London-Bound: An Interview With Mary Killman, Olympic Synchronized Swimmer
Mary Killman will fulfill a lifelong dream when she competes in the London Olympics this summer. But for the 21-year-old member of the Citizen Potawatomi Nation, it just won't be in the sport she originally hoped it would be.
Killman and her partner Mariya Koroleva will represent the United States in the synchronized swimming duet category. When she was younger, Killman, who was born in Ada, Oklahoma, had hopes of competing in the Olympics as a swimmer. But she gave up her competitive speed swim career at the age of 15 to concentrate on synchro.
"I took to the water like a fish," Killman said. "I originally wanted to go to the Olympics as a swimmer. It's a different sport now but I'm still living the dream."
Killman and Koroleva will be the only American representatives in the sport at the London Games. The duet competition will feature 24 entrants and countries that did qualify for this category can only send one duets team. The Americans were not one of the eight clubs that qualified for the team event.
Also, the solo division at the Olympics was eliminated after 1992.
Killman took up synchronized swimming at the age of 11. Yet she kept up her competitive swim career at that point. And she would do so for another four years, until she won a national age-group syncrho championship. Then, at that point she decided to focus on her synchro career.
Killman and Koroleva have only been competing together since this past August. So some people were surprised they were able to register a seventh-place finish at the Olympic qualifying meet this past April, which was held in London, at the same pool where the Olympics will be staged.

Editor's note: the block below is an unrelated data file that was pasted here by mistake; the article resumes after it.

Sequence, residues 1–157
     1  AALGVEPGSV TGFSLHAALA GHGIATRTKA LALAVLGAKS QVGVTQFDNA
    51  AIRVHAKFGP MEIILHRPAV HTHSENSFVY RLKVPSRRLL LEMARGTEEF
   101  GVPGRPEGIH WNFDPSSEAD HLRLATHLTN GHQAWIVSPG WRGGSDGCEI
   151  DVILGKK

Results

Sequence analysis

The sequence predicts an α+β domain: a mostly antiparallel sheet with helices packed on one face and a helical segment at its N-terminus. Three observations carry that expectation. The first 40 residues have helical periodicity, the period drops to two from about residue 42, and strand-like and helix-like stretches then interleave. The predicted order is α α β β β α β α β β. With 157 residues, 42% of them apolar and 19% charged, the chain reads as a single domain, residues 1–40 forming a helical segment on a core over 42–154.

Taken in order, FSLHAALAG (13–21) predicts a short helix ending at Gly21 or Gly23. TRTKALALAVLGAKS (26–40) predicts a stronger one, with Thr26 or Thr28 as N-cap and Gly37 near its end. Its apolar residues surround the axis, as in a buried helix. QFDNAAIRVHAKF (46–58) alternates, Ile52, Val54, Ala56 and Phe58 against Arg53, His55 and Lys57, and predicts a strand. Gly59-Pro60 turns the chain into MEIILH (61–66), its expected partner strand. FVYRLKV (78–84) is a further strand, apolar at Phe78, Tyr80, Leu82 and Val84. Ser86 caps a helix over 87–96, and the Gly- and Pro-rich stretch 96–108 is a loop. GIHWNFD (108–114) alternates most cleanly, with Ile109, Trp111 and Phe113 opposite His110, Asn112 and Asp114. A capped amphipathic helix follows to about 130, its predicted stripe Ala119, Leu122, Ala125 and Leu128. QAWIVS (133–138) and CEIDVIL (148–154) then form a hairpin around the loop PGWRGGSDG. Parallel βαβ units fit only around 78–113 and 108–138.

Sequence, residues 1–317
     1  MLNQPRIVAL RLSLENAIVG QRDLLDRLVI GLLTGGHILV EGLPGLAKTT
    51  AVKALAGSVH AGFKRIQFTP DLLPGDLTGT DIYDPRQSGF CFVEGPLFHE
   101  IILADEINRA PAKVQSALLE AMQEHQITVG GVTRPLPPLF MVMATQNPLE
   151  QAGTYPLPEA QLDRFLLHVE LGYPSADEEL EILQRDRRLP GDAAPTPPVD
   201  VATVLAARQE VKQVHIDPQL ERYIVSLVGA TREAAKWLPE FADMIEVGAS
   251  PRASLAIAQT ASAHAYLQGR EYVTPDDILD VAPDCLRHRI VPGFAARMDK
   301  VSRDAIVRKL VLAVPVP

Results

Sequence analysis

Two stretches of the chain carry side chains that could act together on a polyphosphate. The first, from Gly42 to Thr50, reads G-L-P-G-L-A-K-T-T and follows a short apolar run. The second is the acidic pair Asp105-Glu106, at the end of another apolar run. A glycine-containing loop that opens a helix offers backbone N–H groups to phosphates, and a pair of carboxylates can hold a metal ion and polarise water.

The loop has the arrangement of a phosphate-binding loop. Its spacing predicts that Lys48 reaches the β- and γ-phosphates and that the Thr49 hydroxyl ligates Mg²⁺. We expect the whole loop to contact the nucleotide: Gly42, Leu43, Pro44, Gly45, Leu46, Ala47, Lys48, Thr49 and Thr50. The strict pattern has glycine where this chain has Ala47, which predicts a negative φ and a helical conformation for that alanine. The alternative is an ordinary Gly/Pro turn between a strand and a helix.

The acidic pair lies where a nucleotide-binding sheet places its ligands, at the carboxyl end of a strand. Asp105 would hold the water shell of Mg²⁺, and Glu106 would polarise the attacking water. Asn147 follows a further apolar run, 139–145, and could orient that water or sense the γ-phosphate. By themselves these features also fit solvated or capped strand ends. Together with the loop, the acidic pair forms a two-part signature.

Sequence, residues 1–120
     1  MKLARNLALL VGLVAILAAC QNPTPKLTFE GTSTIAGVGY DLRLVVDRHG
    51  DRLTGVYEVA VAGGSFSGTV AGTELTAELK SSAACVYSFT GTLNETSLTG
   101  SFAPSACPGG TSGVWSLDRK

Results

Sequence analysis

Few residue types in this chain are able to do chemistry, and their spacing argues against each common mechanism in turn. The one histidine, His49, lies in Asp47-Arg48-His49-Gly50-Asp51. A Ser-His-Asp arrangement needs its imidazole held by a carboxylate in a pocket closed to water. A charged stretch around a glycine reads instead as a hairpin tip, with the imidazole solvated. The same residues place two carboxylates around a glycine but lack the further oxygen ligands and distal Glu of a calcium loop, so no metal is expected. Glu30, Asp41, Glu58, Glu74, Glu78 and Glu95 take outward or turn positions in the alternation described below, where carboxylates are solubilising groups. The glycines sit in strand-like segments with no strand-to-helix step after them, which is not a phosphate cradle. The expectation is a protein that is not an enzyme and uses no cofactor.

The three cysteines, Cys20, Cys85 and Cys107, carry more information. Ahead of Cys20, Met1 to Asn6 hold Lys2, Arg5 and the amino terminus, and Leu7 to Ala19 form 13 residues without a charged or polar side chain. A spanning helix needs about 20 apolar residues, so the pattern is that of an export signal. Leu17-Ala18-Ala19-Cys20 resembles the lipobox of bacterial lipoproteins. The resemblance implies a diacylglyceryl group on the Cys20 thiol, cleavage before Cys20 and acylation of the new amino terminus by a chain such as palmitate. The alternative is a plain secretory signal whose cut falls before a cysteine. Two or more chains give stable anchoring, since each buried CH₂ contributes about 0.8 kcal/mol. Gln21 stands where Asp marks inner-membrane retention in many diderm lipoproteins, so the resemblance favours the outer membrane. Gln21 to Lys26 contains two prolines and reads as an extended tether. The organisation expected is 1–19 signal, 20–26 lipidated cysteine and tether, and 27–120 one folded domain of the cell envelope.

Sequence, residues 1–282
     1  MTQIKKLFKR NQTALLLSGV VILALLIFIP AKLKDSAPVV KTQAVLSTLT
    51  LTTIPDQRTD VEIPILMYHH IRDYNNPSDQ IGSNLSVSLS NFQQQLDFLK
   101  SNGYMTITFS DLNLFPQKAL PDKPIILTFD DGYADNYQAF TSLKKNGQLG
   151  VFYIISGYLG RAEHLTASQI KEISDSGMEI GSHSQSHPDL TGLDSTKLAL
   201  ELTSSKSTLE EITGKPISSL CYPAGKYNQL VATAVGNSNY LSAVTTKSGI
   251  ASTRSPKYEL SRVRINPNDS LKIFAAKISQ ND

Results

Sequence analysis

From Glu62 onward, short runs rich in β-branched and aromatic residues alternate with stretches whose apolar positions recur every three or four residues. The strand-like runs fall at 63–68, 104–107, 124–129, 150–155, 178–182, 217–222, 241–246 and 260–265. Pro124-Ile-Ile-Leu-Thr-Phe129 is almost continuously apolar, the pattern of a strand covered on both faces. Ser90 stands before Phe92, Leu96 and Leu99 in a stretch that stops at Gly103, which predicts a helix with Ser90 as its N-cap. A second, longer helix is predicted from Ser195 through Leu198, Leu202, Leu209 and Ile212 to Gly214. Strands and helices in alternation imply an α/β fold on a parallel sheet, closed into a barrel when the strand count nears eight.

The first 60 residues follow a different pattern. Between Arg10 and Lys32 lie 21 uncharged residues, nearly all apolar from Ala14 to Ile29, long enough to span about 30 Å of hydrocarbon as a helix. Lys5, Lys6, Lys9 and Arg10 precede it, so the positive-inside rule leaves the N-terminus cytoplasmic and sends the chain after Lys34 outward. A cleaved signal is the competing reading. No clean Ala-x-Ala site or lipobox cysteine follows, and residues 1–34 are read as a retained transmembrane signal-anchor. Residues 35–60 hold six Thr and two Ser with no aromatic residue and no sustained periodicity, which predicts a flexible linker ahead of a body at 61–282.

Killman was asked why Koroleva and herself have found success in the duet category.
"Our initials are the same," she joked.
"We're both able to pull the best out of each other," she added.
The Olympic qualifying meet though wasn't the first time Killman and Koroleva managed a somewhat surprising placing.
"We had only been together for a month and a half when we went to the Pan Am Games (in Mexico last October) and we pulled off the silver medal," Killman said.
The American duo will be up against some other participants in London who have considerably more experience together. For some of the duets this will be either their second or third Olympics.
This helps explain why Killman said the Americans are not necessarily aiming for a particular placing. "This is our first Olympics for both of us," she said. "I just want to be able to get out of the water and know I've done everything possible. It's just such an honor being able to represent your country."
And what about the chances of returning home with a medal?
"I'm always aiming for the podium," Killman said. "Who knows? It's always a possibility."
The Olympic duet competition is scheduled for Aug. 5-7.
Before participating in London, however, Killman and her partner are expected to compete in both the Spanish Open in late June and at the Swiss Open in early July.
Travelling is nothing new though for Killman. She's lived in 42 different states. The family moves were necessary as her father was a project manager for cell phone towers.
Killman is currently living in Indianapolis, the headquarters for USA Synchro and where the national team trains. Her roommate is the Russian-born Koroleva, who came to the US at the age of nine.
"We live together and we do everything together," Killman said.
But one thing they won't be doing in London is secretly placing a message somewhere on their swimwear. Due to stringent sponsor rules, Killman admitted in the past she has been forced to hide the initials CPN (Citizen Potawatomi Nation) she has occasionally placed on her swimsuit in honor of her heritage. Killman said it's unlikely she'll try to place the initials on her gear in London as her partner is not Native and since they'll both be representing the U.S.
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